10 Tips to Surviving the COVID-19 Crazy: From Beijing


1. Obsess About Numbers:

Watch the stats every day and analyze how some charts and different from others, how most governments are controlling the numbers, and how freedom of information is a joke. Hyperventilate a little when certain benchmarks are exceeded, like the newly surpassed 100,000 global cases of this virus. Have several websites bookmarked so that you can compare them daily. Try to do the math about death rates compared to other viruses whose zenith threats have come and gone, like SARS or MERS or H1N1. Consider advancing your vigilance to the level of checking stats two or three times a day, just to be certain you’re always informed about these meaningless, unsubstantiated, inaccurate numbers.

WechatIMG9(deaths of “Spanish Flu” compared to all the wars, but numbers uncertain…)

2. Stock Up On Everything:

Assume the government will starve you by cutting off basic supply chains. Buy up everything you can think of, like oceans of water and mountains of toilet paper and armies of those small, squatty bottles of hand sanitizer that run out too quickly anyway because they’re really not big enough for regular use. Aim to buy more than your neighbours and hoard stuff with a self-satisfied, greedy little grin. Who needs fresh fruit and vegetables? Now you’ll be able to stay in your house indefinitely without ever seeing the light of day. Oh, don’t forget to buy Vitamin D.


3. Abandon Your Pets:

Despite recent articles that animals can’t infect us with coronavirus, there was one dog who tested positive for the virus in Hong Kong. Like with humans, an infection has to start somewhere. These numbers will probably grow. If you can’t find uninformed people or organizations who will take your animals off your hands out of compassion (clearly those who don’t believe in precaution), then at least get a face mask for your pet or fashion one out of cloth. This will stop them from sniffing the virus off the ground and transferring it to you after a walk outside. Wipe their paws with disinfectant. Hope that they don’t lick themselves afterwards. They probably won’t. They’re often smarter than humans.


4. Protect Your Kids Above All Else:

Even though reports have shown that, of the @100,000 cases, only a few hundred have been children and not ONE child has died, assume that it’s coming for them too. Don’t let them go outside. Don’t let them have contact with any other human besides family members. In fact, best to discourage even playing with family pets (see #3). When it comes to the cancelled schooling for your children, be sure to force them to continue their education indoors for strict 8-hour blocks at a time through your tutelage only because they will certainly enjoy learning where they normally get to play, listening attentively to their parent as though they are never obstinate, and producing exemplary school projects from the online prompts that will eventually impress the teachers into convincing you to become a homeschooling advocate for all of humanity.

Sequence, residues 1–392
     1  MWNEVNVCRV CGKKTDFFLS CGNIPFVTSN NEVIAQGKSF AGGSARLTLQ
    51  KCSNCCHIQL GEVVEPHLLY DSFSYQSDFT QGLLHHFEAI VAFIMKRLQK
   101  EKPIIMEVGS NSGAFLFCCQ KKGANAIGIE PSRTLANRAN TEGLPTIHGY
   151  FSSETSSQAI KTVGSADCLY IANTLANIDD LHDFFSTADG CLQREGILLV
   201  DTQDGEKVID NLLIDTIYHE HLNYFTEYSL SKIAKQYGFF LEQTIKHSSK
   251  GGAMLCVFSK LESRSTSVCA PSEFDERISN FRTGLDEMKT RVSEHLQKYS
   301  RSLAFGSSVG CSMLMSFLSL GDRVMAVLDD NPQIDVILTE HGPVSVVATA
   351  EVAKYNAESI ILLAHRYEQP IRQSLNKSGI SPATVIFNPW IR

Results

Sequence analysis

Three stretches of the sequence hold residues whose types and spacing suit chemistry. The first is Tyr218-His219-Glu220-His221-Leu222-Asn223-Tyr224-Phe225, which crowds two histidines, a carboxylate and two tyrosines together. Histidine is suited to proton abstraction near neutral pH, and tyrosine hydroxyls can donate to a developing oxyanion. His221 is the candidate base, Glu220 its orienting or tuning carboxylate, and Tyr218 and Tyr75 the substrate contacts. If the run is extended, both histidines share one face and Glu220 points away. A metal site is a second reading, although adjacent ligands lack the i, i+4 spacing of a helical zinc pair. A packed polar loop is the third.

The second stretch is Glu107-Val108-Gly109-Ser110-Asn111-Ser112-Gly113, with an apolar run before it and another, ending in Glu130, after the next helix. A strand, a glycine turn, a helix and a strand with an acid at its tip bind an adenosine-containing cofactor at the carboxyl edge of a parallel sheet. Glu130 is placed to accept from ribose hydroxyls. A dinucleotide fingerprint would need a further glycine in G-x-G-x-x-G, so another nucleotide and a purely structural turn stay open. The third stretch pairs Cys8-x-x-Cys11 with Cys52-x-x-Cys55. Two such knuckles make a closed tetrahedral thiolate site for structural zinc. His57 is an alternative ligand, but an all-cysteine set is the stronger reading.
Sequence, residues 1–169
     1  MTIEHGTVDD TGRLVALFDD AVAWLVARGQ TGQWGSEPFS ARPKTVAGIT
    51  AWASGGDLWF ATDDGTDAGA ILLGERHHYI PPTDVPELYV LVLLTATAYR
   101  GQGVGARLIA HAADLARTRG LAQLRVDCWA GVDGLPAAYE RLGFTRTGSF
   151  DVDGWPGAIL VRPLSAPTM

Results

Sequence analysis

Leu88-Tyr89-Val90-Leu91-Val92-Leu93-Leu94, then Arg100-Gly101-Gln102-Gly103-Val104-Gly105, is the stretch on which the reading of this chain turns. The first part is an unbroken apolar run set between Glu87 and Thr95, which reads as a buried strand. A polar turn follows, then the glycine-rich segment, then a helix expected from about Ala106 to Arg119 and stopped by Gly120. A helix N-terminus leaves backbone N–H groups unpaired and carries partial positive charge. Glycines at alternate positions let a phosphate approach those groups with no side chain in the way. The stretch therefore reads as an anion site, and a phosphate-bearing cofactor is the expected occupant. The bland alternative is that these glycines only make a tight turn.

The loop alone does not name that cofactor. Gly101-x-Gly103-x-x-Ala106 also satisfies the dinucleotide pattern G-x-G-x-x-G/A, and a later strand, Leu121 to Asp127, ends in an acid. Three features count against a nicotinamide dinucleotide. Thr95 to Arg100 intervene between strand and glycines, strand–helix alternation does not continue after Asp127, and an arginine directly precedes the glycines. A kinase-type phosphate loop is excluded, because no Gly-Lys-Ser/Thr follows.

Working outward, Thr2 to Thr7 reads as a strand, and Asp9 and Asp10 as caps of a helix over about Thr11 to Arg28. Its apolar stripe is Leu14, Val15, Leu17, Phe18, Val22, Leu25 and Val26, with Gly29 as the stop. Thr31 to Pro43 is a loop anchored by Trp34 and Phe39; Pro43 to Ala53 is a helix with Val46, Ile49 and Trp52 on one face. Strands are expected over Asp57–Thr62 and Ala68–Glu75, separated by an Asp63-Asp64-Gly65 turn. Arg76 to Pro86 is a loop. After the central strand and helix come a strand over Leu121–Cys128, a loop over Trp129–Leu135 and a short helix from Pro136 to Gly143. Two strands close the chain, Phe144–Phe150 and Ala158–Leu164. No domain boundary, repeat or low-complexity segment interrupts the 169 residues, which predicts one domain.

5. Create An Anti-Viral Suit of Armour:

People laughed about water bottles on the heads of travelers in January, but maybe those people managed to avoid getting sick? Keep your enormous empty water bottles, just in case. Cut the bottoms off and try them on. If they fit your head, even better. Also, wear disposable plastic gloves for your hands, a hat to protect your hair from flying germs no matter how warm it is outside, tight-fitting goggles (the ones for snorkeling), and at least two overlapping face masks covering your mouth at all times. (If you wear glasses, get used to walking through a foggy view of the outdoors.) If you have to enter this infected world for some sort of supply that you failed to purchase (see #2), at least wear a set of armour.


6. Disinfect, Disinfect, Disinfect!

Every time you go out, have a regimen of disinfecting everything you had on your body as well as your body itself when you get home. First, leave your shoes outside. Better yet, wear plastic bags over your feet to avoid the shoes coming into contact with abandoned virus spittle on the sidewalks. Don’t worry about how that looks. Dispose of plastic bags immediately upon arriving home. Don’t think about the environment. Then use copious amounts of bleach to wipe down everything from your clothes to your bag to your doorknob, floor, keys, phone, etc. Use so much bleach that the smell of it wafts up the pipes and into your neighbours’ nostrils. Even if you develop chemical-fume-induced pulmonary issues after this virus scare is over, at least you won’t have contracted the coronavirus. The most ideal situation is to dispose of all your clothes and shoes after every outing. I repeat: don’t care about the environment. Clothes are cheap. Especially in Asia.